This pricing mechanism would quickly force private plans in the Health Exchange out of businessand leave consumers with the public plan, whose costs would soon rise as quickly as Medicare costs are rising today.
In order to prevent insurance companies from offering plans outside the Health Exchange, Americans who receive financial help in paying for insurance would be required to buy plans in the Exchange. They could not select "bare bones" or catastrophic insurance plans sold on the open market.
"Affordability credits" would be given to Americans who earn too much to be eligible for Medicaidover 133% of the poverty line, now $29,000 for a family of fourbut less than 400% of the poverty line, now $88,000. Hence, health insurance assistance would be extended well above the median income for American households, now $55,000. Americans could only spend "affordability credits" on one of the programs in the Health Exchange. In addition, employers’ plans would have to been the standards in the health exchange. So catastrophic health insurance plans, which cover emergencies and allow people to shop around for routine care, would be unavailable to most Americans.
Suffocating competition raises health care prices rather than lowering them, as we have seen from Medicare. Rather than a new public plan and regulations on private plans, Republicans Senator Tom Coburn and Representative Paul Ryan have proposed giving everyone tax credits to shop around for health insurance, just they shop for home and auto insurance. Coupled with tax-free savings accounts for routine care, this would bring health care prices down, rather than up.
Diana Furchtgott-Roth is an adjunct fellow at the Manhattan Institute and a columnist for RealClearMarkets.com. She is also a senior fellow at the Hudson Institute, where she directs the Center for Employment Policy. From 2003 to 2005, Ms. Furchtgott-Roth was Chief Economist of the U.S. Department of Labor. From 2001 to 2002 she served as chief of staff at the President's Council of Economic Advisers.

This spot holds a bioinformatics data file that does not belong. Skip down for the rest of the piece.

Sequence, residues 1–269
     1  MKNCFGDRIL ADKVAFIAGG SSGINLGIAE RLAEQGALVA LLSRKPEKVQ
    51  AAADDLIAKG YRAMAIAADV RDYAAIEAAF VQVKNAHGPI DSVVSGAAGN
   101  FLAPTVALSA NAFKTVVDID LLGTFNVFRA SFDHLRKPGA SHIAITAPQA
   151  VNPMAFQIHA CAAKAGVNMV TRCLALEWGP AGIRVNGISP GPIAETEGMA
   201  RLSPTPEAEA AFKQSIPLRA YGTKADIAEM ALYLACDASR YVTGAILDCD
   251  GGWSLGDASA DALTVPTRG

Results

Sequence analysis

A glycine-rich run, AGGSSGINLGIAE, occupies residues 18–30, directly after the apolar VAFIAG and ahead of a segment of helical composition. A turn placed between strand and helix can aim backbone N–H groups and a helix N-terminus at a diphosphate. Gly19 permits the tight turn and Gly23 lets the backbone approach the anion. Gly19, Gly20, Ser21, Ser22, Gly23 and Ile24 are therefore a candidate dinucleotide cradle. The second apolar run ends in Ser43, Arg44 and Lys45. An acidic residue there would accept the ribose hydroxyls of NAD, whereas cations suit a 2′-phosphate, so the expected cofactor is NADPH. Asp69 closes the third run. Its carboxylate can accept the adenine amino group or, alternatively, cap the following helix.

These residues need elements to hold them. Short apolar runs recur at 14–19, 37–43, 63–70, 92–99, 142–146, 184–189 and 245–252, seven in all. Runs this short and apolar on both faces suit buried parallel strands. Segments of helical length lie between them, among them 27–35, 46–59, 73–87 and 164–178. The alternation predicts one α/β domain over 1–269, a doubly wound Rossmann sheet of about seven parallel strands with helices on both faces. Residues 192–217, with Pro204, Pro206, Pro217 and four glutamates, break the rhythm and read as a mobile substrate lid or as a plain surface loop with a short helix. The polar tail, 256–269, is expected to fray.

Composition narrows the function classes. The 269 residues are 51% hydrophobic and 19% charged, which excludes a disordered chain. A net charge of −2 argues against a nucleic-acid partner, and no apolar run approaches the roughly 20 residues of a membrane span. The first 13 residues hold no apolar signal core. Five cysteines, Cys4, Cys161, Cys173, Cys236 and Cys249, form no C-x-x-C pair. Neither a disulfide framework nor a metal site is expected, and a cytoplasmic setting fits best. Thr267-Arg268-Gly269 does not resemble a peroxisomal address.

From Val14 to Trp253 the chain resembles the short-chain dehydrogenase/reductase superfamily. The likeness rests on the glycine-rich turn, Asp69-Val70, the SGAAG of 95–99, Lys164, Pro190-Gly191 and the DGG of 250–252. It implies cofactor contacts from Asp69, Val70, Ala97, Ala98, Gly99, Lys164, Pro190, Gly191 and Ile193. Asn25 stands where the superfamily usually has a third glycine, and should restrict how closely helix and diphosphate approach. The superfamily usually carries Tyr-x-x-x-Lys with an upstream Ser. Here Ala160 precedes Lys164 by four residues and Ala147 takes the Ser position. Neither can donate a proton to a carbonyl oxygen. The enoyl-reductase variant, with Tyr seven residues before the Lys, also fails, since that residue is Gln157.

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By Douglas Holtz-Eakin
is president of DHE Consulting, LLC. He served most recently as director of domestic and economic policy for the John McCain presidential campaign. He has also recently been a senior fellow at the Peter G. Peterson Institute for International Economics, the director of the Maurice R. Greenberg Center for Geoeconomic Studies, and the Paul A. Volcker Chair in International Economics at the Council on Foreign Relations. Previously, Dr. Holtz-Eakin was the sixth director of the Congressional Budget Office, where he was appointed for a four-year term beginning February 4, 2003.
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By Benjamin Zycher
Benjamin Zycher is a senior fellow at the Pacific Research Institute, the President of Benjamin Zycher Economics Associates, and an adjunct Professor of Economics and Business at the Martin V. Smith School of Business and Economics, California State University, Channel Islands. In addition, he is a member of the advisory board of the quarterly journal Regulation, of the advisory council of USA for Innovation, and the advisory council of Consumer Alert.